Mexico is working to implement drought monitoring that integrates climate, satellite and environmental information – an approach similar to the Vegetation Drought Response Index (VegDRI) developed through a partnership of the National Drought Mitigation Center and the U.S. Geological Survey’s Earth Resources Observation and Science (EROS) Center.
Tsegaye Tadesse, NDMC climatologist and remote sensing expert, and Jesslyn Brown, EROS geographer, traveled to Mexico City in April 2013 to work with Mexico’s Agricultural and Fisheries Information Service on how Mexico can implement its own version of VegDRI and to present at the XIII Agricultural Outlook Forum 2013. Brown and Tadesse developed the prototype VegDRI for the U.S. starting in 2002.
Decision-makers can use early warning of drought to help reduce its impacts, ranging from economic losses in developed countries to famine and mass migration in developing countries, Tadesse said in his presentation to the forum.
Tsegaye Tadesse, NDMC climatologist, center, with Jesslyn Brown, USGS EROS geographer, left, and their facilitator, right, in front of the Angel of Independence in Mexico City.
“We have to integrate climate, satellite, hydro-meteorological and environmental data to be most efficient and proactive with drought early warning,” Tadesse said. “For those countries like Mexico that don’t have enough networked weather stations, satellite data are very important. These data would help to fill the gap when there is no ground observation.”
In the United States, though it’s not perfect, climatologists and decision-makers benefit from automated, networked climate monitoring stations. The NDMC works with the High Plains Regional Climate Center to access network data.
One of the first steps in developing a Mexican version of VegDRI has involved scientists in Mexico assembling data on climate, soils and other related variables, Tadesse said. Researchers world-wide have free internet access to satellite data on vegetation conditions collected and distributed by U.S. agencies, such as EROS. Next, researchers will create a regression-tree model to integrate all the different data inputs, and will produce a Mexican version of VegDRI map that shows vegetation conditions. The final stage will be evaluating and adjusting the model based on ground observations such as crop yield. This could eventually lead to some predictive capability that will help in food security management.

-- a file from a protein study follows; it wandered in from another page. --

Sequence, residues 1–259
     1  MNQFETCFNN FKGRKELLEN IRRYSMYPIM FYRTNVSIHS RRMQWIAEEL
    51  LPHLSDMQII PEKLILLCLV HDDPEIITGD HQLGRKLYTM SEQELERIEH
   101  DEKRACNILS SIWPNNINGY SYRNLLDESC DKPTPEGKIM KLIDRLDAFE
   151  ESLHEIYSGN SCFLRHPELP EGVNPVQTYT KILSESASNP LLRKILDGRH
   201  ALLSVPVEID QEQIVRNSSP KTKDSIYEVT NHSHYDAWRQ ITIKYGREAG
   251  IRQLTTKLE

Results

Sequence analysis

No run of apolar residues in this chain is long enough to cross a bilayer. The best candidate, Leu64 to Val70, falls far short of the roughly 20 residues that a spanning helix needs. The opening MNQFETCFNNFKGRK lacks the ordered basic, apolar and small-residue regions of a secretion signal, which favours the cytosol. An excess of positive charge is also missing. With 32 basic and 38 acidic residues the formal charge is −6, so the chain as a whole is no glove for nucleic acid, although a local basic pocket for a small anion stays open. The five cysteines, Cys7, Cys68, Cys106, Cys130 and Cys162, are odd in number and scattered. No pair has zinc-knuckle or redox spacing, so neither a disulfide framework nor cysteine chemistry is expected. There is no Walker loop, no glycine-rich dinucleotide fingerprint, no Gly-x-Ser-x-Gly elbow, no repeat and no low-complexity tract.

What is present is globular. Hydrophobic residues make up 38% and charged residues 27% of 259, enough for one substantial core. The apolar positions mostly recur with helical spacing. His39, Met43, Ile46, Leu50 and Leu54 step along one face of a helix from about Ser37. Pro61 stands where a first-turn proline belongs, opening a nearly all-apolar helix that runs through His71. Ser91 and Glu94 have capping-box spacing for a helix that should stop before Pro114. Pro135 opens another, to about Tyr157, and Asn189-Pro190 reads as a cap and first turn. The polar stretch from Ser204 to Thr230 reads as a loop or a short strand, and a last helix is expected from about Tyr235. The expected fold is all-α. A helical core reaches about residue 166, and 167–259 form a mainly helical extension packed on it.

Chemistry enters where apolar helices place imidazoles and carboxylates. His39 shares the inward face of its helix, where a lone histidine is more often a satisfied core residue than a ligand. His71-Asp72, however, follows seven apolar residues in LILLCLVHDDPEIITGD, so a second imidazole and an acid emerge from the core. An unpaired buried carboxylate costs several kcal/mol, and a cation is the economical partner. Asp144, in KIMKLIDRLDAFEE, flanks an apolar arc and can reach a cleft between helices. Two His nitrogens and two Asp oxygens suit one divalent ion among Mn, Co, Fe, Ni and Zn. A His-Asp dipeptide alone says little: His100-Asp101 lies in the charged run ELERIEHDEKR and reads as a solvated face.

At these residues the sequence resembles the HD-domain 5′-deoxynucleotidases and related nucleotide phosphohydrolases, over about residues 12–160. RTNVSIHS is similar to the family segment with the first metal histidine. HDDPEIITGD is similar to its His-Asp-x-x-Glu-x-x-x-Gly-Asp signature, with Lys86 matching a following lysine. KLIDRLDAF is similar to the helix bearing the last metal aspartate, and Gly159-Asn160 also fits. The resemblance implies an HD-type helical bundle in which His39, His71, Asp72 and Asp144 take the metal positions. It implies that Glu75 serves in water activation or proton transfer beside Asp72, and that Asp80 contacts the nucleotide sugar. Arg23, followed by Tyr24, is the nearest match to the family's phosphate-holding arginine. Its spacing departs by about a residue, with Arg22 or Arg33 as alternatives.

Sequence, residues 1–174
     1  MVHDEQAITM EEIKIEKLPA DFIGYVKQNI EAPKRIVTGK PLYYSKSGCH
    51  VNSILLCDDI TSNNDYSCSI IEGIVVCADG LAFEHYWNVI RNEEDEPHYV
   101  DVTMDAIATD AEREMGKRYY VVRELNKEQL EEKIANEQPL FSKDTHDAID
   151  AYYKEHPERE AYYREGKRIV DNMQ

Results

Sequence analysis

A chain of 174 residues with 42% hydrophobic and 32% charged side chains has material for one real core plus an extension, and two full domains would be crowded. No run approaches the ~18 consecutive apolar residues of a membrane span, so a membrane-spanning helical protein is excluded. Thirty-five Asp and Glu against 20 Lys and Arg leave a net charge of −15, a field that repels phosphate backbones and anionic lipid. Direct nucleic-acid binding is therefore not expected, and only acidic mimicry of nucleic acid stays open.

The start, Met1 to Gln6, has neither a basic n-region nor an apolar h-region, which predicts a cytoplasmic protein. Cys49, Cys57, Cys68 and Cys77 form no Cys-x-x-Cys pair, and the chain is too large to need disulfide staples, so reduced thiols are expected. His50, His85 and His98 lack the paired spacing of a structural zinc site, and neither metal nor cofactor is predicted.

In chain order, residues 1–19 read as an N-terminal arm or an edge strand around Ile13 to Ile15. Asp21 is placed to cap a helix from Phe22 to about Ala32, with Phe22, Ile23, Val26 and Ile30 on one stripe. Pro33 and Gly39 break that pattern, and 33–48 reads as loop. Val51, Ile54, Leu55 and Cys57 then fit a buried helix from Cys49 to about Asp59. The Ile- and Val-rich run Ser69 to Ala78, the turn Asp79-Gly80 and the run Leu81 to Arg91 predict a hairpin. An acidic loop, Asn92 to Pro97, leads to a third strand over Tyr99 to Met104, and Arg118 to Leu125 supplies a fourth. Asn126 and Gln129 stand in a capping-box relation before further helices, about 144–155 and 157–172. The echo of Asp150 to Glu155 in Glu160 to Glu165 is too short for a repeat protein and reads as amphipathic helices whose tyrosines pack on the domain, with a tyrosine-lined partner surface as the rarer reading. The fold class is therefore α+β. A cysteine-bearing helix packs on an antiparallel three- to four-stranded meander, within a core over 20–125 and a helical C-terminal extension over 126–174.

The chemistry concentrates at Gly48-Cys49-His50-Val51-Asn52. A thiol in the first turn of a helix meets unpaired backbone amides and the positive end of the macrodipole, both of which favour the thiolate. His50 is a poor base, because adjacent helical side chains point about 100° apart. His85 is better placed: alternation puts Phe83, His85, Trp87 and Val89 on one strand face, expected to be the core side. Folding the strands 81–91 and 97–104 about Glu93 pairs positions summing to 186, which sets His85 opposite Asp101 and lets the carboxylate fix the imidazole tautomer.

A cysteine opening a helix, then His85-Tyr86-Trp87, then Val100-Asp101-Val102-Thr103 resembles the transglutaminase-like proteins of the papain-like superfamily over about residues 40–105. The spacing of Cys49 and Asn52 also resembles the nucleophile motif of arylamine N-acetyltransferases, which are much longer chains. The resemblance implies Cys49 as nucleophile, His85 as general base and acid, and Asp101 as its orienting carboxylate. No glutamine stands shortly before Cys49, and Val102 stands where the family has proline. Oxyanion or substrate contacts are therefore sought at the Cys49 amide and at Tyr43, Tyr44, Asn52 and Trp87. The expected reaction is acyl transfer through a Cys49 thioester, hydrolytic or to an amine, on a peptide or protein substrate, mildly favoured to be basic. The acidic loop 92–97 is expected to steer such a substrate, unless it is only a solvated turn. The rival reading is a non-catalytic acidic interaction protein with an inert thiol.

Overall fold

Tadesse’s research focuses on developing the Vegetation Drought Outlook, or VegOut, which would build on the understanding developed through VegDRI to identify patterns in data and project them into the future. He added that models eventually need to take the changing climate into account, because the past is now less likely to be a guide to the future.
VegOut would be a predictive tool, building on the understanding developed through VegDRI. “VegDRI is essential because unless you know what’s happening now, it’s meaningless to talk about the future,” Tadesse said.
Tadesse and Brown also attended the XIII Agricultural Outlook Forum 2013, organized by SAGARPA, Mexico’s Secretariat of Agriculture, Livestock, Rural Development, Fisheries and Food. The presentations by Tadesse and Brown are available online.